Reduced Brain Region Volumes Found Among Children With a Maternally Reported Dysfunctional Family

A computer-generated image of a brain.
The primary hypothesis, formulated after data collection but before analysis, was that poor prenatal family functioning would be associated with smaller hippocampal and amygdala volumes in late childhood.

Maternal-reported family dysfunction was correlated with a smaller hippocampus volume among their young children. These findings, from a population-based cohort study, were published in JAMA Psychiatry.

Pregnant women (N=2583) in Rotterdam were invited to participate in this longitudinal study between 2002 and 2006. Family function was assessed by the Family Assessment Device. The children of the participating mothers were assessed by a clinical visit, a questionnaire, by magnetic resonance imaging, and by the Child Behavior Checklist.

The included children were aged mean 10.1 (standard deviation [SD], 0.6) years and 50.9% were girls. The mothers were aged mean 31.1 (SD, 4.7) years and the 1788 participating fathers were aged mean 33.5 (SD, 5.3) years.

A poorly functioning family, as reported by the mother, was associated, before correction, with significantly decreased (P <.001) total brain (β, -26.8; 95% CI, -34.6 to -18.9), cerebral white matter (β, -9.76; 95% CI, -13.3 to -6.20), and total gray matter (β, -16.7; 95% CI, -21.3 to -12.2) volumes among the children.

After correcting for cofactors, poor family function remained significantly associated with decreased hippocampal volume (β, -0.08; 95% CI, -0.13 to -0.02; P =.04). This association had a significant interaction with exposure time, in which children of mothers who repeatedly reported poor function had smaller hippocampal volumes (P =.01).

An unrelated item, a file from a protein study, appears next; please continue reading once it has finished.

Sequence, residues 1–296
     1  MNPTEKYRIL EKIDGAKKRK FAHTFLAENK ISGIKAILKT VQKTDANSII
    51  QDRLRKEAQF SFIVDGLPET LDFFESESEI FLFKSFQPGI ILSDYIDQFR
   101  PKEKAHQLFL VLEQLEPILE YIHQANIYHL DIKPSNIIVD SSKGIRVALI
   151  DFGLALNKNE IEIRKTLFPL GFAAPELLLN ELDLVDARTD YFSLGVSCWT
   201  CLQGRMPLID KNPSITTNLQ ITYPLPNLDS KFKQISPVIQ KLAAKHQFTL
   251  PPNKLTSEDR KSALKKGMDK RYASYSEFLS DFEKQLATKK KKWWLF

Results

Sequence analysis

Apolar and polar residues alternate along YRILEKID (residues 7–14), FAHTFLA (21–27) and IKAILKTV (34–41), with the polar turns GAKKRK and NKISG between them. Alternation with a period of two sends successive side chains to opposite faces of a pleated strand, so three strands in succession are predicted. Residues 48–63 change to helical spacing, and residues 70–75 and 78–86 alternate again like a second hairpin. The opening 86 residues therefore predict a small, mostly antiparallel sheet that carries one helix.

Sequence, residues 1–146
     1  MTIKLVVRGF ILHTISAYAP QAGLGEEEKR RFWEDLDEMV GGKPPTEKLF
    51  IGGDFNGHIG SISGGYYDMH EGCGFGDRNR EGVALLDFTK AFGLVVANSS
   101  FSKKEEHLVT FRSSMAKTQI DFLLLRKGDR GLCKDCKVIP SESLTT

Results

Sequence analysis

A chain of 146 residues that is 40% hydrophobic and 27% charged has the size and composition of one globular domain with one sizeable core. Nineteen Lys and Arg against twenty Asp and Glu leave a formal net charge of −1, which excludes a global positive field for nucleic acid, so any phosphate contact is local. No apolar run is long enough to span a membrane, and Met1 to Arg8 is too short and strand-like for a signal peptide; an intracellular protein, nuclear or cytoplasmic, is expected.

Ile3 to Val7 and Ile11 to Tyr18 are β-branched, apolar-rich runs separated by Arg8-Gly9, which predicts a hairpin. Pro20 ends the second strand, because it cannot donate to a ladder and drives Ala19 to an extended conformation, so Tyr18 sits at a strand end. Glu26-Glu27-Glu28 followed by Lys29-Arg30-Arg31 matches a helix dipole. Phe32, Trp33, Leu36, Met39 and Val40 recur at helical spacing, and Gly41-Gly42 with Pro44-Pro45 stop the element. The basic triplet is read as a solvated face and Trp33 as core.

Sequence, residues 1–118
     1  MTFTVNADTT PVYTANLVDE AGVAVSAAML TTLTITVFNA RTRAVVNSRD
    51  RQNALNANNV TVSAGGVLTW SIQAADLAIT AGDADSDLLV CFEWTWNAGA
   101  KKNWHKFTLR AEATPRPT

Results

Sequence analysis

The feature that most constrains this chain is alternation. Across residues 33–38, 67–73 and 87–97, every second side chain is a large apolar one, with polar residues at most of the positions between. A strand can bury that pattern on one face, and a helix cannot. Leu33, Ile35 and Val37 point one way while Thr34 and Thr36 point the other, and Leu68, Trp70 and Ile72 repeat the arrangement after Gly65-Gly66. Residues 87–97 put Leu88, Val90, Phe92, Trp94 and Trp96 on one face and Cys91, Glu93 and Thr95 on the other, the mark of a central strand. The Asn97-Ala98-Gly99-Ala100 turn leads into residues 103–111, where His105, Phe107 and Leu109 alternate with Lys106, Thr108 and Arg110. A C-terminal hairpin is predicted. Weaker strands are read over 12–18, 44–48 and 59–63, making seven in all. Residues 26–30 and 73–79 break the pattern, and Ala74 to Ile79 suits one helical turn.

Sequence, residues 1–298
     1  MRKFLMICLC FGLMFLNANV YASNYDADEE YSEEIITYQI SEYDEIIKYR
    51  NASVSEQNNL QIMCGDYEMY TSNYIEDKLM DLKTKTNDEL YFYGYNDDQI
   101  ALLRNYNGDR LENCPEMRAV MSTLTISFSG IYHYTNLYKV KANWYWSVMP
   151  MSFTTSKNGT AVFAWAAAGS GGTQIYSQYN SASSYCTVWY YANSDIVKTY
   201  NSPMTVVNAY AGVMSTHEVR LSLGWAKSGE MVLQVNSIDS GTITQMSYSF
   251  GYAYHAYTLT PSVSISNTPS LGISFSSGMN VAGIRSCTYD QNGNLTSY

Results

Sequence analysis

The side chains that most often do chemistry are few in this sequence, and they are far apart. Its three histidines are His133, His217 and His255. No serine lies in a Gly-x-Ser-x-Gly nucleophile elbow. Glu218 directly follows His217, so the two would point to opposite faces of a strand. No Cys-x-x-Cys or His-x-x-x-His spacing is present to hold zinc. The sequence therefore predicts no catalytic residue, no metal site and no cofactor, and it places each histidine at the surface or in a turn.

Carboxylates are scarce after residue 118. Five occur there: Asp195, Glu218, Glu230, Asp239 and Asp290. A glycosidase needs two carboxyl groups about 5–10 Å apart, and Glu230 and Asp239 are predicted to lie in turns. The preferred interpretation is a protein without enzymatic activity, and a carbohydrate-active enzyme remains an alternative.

Children who were exposed to poor family function in utero were associated with smaller occipital lobe volumes (β, -0.70; 95% CI, -1.19 to -0.21), specifically in the lateral occipital lobe (β, -0.47; 95% CI, -0.61 to -0.09; P =.01).

Preadolescent problem behavior was associated with hippocampal size and poor family function at 10 years of age (β, 0.08; 95% CI, 0.03-0.13; P =.001).

No correlations were observed for socioeconomic factors or paternally reported family function on brain morphology.

A limitation of this study was the population-based design, in which the investigators were unable to determine whether differences of brain morphology were caused by some factor of poor family function or whether other causative factors were involved.

The study authors concluded that maternally, not paternally, reported family function was significantly associated with reduced hippocampal and occipital lobe volumes among young children. These children are likely to exhibit behavioral problems during adolescence. These data highlighted the need for interventions in which family dysfunction may be present.

Disclosure: Multiple authors declared affiliations with industry. Please refer to the original article for a full list of disclosures.


Xerxa Y, Delaney SW, Rescorla LA, et al. Association of poor family functioning from pregnancy onward with preadolescent behavior and subcortical brain development [published online September 16, 2020]. JAMA Psychiatry. doi: 10.1001/jamapsychiatry.2020.2862.